The coronavirus situation is developing rapidly. Italy is in lockdown, confirmed cases are rising across the rest of Europe and the US, and there is a huge global effort to contain the virus. On Thursday last week, European shares suffered their biggest one-day plunge since 1987. Panic appears to have gripped markets.
However, as with any market scenario, we are focused on the drivers of long-term growth and we block out short-term ‘noise’. When we do, we are starting to see opportunities to judiciously put our money to work in several high-quality European businesses.
How do we make sense of events?
There’s no doubt that we are experiencing a significant demand-shock across Western and emerging market economies. At the same time, we have seen significant supply chain disruption. This, in turn, is putting pressure on financing and the banking system – adding credit risk to an already challenging environment. Unhelpfully, the Saudis and Russia have embarked on an oil price war. Prices have plunged, putting further pressure on credit markets.
One interesting factor has been US dollar weakness versus the euro. In times of crisis, the greenback usually rallies as investors seek what they perceive to be ‘safe havens’. Not so this time. Ultimately, this dynamic could put pressure on European corporates. A weak dollar is unhelpful for exporters and could damage the earnings power of European businesses. Of course, this could simply be the unwinding of leverage carry trades and the end of investors exiting cheap euro-denominated funding. It’s too early to say at this point, although it’s certainly worth keeping an eye on.
As an investor, it’s important not to get lost in the big macro events. We need to go back to the basics and focus on company fundamentals.
So, there’s much to consider. But as an investor, it’s important not to get lost in the big macro events. We need to go back to the basics and focus on company fundamentals. After all, that’s what should get us through the next three, six, or 12 months. That’s why we invest in high-quality businesses. At the end of the day, it’s going to be earnings power, cash generation and balance sheet strength that will drive earnings. Good management of ESG (environmental, social and governance) risks and sustainable business models will also lend earnings resilience and downside protection. These are desirable characteristics in today’s uncertain markets.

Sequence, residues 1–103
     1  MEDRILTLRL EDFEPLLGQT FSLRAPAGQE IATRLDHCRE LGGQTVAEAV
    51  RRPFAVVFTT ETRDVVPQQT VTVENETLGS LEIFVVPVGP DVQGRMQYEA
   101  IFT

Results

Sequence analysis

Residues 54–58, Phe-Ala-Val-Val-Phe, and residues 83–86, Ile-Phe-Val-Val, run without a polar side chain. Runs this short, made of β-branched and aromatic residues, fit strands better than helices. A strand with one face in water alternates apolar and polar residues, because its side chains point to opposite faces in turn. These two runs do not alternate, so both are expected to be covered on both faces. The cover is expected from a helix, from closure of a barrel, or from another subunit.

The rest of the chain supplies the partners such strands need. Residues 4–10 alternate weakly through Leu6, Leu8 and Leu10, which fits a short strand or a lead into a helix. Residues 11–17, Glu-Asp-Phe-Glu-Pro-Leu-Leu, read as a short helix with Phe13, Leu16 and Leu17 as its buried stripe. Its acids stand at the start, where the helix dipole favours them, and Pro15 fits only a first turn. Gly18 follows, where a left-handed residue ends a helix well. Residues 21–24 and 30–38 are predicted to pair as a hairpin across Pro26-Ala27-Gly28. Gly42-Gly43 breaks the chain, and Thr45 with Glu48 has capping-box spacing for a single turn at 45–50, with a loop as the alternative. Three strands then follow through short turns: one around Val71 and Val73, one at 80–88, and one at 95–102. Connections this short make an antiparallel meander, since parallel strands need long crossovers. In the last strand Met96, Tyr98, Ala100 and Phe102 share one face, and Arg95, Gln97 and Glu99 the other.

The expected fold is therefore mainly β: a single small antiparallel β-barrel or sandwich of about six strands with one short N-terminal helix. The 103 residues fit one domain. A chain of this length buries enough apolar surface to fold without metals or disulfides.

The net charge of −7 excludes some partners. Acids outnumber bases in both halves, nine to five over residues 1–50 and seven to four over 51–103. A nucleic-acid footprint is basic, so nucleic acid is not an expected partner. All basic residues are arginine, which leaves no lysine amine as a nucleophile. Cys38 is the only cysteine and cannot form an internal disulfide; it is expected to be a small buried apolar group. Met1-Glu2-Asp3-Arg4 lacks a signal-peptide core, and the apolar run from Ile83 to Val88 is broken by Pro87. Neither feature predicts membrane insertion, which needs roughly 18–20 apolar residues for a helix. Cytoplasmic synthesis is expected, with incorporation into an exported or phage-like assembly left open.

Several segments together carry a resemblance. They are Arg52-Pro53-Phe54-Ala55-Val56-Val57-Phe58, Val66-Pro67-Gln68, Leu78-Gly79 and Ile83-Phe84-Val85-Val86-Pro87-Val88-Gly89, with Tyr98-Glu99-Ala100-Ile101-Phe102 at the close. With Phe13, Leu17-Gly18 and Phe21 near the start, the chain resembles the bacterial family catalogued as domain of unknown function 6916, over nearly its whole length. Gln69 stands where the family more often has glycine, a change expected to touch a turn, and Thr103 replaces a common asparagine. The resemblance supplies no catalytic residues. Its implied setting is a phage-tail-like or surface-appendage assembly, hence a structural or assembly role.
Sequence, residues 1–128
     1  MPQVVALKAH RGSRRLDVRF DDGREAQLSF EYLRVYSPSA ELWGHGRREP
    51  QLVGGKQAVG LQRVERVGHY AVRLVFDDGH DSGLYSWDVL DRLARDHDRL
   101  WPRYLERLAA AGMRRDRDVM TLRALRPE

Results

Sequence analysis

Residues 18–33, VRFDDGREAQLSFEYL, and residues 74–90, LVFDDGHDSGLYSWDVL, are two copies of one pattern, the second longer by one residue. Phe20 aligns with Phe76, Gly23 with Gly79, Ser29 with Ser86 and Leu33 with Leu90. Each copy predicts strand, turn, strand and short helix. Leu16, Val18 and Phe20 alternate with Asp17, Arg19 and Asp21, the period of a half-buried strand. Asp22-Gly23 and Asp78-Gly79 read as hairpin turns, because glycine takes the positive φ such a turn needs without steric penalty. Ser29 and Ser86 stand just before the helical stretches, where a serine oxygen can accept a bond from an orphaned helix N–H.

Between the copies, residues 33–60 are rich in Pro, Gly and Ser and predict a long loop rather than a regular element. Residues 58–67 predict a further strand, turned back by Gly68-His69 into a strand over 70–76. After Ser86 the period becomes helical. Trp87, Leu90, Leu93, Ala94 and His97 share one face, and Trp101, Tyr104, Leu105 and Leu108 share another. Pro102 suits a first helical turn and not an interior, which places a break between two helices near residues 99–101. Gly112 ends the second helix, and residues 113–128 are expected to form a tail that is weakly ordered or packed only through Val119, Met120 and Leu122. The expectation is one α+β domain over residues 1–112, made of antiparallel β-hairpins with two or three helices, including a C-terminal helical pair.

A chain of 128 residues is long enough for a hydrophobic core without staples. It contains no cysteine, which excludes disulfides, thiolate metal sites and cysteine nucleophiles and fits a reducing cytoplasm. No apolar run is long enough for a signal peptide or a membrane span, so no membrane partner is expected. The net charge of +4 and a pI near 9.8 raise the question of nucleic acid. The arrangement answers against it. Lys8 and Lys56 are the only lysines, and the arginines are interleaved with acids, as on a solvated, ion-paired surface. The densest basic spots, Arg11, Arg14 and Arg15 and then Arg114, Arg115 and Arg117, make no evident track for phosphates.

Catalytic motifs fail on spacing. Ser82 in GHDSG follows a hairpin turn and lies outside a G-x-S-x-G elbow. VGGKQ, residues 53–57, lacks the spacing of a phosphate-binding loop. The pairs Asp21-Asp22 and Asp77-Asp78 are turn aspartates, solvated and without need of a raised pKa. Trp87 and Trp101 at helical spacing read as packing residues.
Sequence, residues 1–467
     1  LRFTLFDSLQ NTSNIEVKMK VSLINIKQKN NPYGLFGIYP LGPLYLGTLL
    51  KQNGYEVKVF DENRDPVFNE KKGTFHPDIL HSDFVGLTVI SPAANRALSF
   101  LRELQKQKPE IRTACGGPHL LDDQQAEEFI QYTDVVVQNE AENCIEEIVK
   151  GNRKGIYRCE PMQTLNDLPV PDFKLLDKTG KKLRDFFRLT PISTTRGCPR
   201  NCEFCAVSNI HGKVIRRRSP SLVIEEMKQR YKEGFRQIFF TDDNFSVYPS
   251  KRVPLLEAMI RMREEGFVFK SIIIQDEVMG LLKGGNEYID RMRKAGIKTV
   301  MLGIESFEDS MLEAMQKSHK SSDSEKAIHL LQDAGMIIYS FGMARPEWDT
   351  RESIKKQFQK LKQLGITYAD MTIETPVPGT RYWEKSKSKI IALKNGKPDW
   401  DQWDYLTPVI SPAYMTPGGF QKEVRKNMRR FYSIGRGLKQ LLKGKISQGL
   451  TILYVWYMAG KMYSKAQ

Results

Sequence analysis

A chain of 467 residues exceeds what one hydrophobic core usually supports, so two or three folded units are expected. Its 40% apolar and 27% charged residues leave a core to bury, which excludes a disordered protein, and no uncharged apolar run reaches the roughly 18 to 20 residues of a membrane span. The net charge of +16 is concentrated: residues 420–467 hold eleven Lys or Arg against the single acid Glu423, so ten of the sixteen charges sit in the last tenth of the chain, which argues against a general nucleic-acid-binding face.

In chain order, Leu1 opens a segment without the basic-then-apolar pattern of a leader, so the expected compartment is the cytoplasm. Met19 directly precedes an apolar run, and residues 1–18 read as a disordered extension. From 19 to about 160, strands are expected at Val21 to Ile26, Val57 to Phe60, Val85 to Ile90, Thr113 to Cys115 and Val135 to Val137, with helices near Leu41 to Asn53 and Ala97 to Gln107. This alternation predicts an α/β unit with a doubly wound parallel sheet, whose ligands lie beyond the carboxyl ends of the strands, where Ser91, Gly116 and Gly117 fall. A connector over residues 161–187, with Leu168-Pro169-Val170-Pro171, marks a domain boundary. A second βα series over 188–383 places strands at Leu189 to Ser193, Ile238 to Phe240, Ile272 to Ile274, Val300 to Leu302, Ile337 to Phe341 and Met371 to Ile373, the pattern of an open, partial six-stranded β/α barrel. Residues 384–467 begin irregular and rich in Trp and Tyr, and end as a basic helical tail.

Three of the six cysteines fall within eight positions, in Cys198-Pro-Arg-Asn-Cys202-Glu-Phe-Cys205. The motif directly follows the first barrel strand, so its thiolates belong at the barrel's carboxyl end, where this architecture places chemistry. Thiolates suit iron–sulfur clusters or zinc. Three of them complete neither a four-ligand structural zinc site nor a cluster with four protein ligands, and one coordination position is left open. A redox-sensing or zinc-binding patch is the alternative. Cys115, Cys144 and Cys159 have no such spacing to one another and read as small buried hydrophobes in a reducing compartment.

In our view, a long-term investment horizon is also vital. We might not know what the 2020 corporate environment will look like. But by investing in companies whose structural attractions are unchanged by the virus, we have a better idea what 2022/2023 numbers could look like. The recent share price falls could create buying opportunities in these businesses.
Lessons from abroad
That’s not to say we’re at the bottom of the market. The situation in Italy could spread to other countries. We also haven’t seen the full effects of the virus on corporate earnings. The next two quarterly reporting seasons could be sobering experiences. That said, the 25%+ corrections in european equity markets are already pricing much of this in.
Meanwhile, central bankers, from the US Federal Reserve to the Bank of England, have aggressively cut interest rates. Markets are hoping large-scale fiscal responses will follow. We will have to wait to quantify the ultimate impact of such moves.
As we try to take stock, we should also look to Asia, the epicentre of the virus. We are starting to see a stabilisation in the number of cases in China, Japan and Korea. This could foretell how events unfold in the West.
The current pressures are likely to continue for the foreseeable future. Caution is therefore warranted. However, by focusing on quality franchises and taking a longer-term view, we believe there might be opportunities to take on risk through good businesses that the market has oversold.